An early rough mix was released on cassette format in late 1995 that had a different track order, and included the ‘Feathers Fell’ guitar instrumental from the debut album. In its final form the record omitted the ‘Feathers Fell’ track and switched a few tracks around for the album to reach optimal flow and better pacing. As before the stunning artwork was rendered by the much in-demand graphic designer Kristian Wåhlin (Necrolord), a respected scene veteran famous for his work with legendary Swedish proto-death/black metal band Grotesque, who was becoming a household name.

Touring for the album included a jaunt with headliners Cradle Of Filth as part of the “The Rape and Ruin Of Europe” tour in 1997, that also included up-and-coming Norwegian band Dimmu Borgir as openers. This touring campaign would later be immortalized by the band’s appearance at the “Gods Of Darkness” festival in Köln, Germany that was recorded for the “Live & Plugged: vol. 2” video tape, which also included a young Dimmu Borgir. A recording of Dissection’s appearance on the Wacken Festival in Germany would see release in 2003 as the belated “Live Legacy” album.

After Dissection fell into disarray rhythm guitarist Johan Norman, and touring drummer Tobias Kjellgren regrouped with new musicians in Soulreaper. Jon Nödtveidt meanwhile released an album with De Infernali, an industrial/techno hybrid before a manslaughter conviction effectively put Dissection on ice permanently. Tobias Kjellgren himself had featured on the lone Decameron album “My Shadow…’ in 1996 before figuring into the newly formed Soulreaper, a band that capitalized on the growing interest in American-styled death metal (specifically Morbid Angel) after the second wave black metal boom. However, Soulreaper itself fell into disrepair after releasing two mediocre albums. Ole Öhman (drums) resurfaced with populist industrial metal band Deathstars, whereas Peter Palmdahl featured on two Deathwitch albums before disappearing into the anonymity of civilian life.

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By the time “Nightwing”, the fifth Marduk album and second with vocalist Erik Hagstedt (Legion) behind the microphone, hit the market the band had become familiar with its new style. Released a year after “Heaven Shall Burn…” it is a continuation of that album’s sound with overall increased levels of density. The line-up remained identical from the preceding album, and that internal stability paid off dividends in terms of consistency, and performances from each of the members. While it does not quite have the same impact as it its immediate predecessor “Nightwing” is a reliable but unimaginative follow-up to a great breakthrough album. It is, however, the last good Marduk album for quite some time, as the band would fall into a rut and lose steam shortly after its release.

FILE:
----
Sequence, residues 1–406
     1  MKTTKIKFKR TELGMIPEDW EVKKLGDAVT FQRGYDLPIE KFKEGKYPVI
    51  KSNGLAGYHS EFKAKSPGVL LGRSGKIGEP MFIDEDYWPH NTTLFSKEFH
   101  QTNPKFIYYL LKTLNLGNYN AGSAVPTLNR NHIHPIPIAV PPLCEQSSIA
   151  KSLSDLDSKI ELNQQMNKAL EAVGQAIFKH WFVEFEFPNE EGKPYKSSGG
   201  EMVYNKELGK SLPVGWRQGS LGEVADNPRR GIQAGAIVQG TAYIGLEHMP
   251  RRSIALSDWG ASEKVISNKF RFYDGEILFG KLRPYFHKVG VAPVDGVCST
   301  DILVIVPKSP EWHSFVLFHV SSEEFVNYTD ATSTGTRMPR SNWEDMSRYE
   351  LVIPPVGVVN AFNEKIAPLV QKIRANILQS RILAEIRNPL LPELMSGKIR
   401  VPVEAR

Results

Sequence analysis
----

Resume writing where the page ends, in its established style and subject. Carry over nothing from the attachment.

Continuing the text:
To say that “Nightwing” is intense would be an understatement. The performance of drummer Fredrik Andersson borders on death metal territory considering the breakneck pace and percussive density he brings in said department. The bass-heaviness of Marduk’s early albums is carried over, and Bo Svensson (B. War) provides thick, oozing licks that propel the riffs from mainstay and creative force Morgan Steinmeyer Håkansson to the front all while holding down the bottom-end heaviness. Two albums into his tenure with the band Erik Hagstedt (Legion) delivers his last worthwhile performance, as his voice would rapidly deteriorate on the successors to “Nightwing”. Some of the lyrics reek of process and latter-day Deicide (say “Serpents Of the Light”) too with memorable passages as: “Slay the Nazarene / Die, die, die!” Both ‘Of Hell’s Fire’ and the aforementioned ‘Slay the Nazarene’ have particularly poor lyrics to go along with the highly efficient but hardly exciting Norsecore. Was a bit of eloquence and verbosity too much to ask in black metal at this point in time? The theological sub-branch of the genre was still a couple of years away from exploding – but other big name bands such as Ancient Rites, Dissection and Emperor were lyrically more ambitious.

Marduk_old-lineup“Nightwing” is divided into two specific chapters. The first four songs encompass the "Dictionnaire Infernal", Marduk’s now patented attack on all things religious. Chapter two "The Warlord Wallachia", comprising of the last four songs, further fleshes out the Vlad Tepes narrative of the preceding record. ‘Nightwing’, the title track, is omitted from the tracklist altogether as it fits with neither chapter. “Nightwing” is the second part of the ‘blood’ chapter in an abstract tribute to Bathory’s landmark 1988 “Blood, Fire, Death” album. Further records include the preceding “Heaven Shall Burn” (blood), “Panzer Division Marduk” (fire) and the duo of “World Funeral” and “La Grande Danse Macabre” (death). In retrospect it makes the albums part of the movement a lot more interesting as up to this point in time Marduk changed a lot musically, but the way they structured their album has remained identical from yesteryear when they were a death metal band.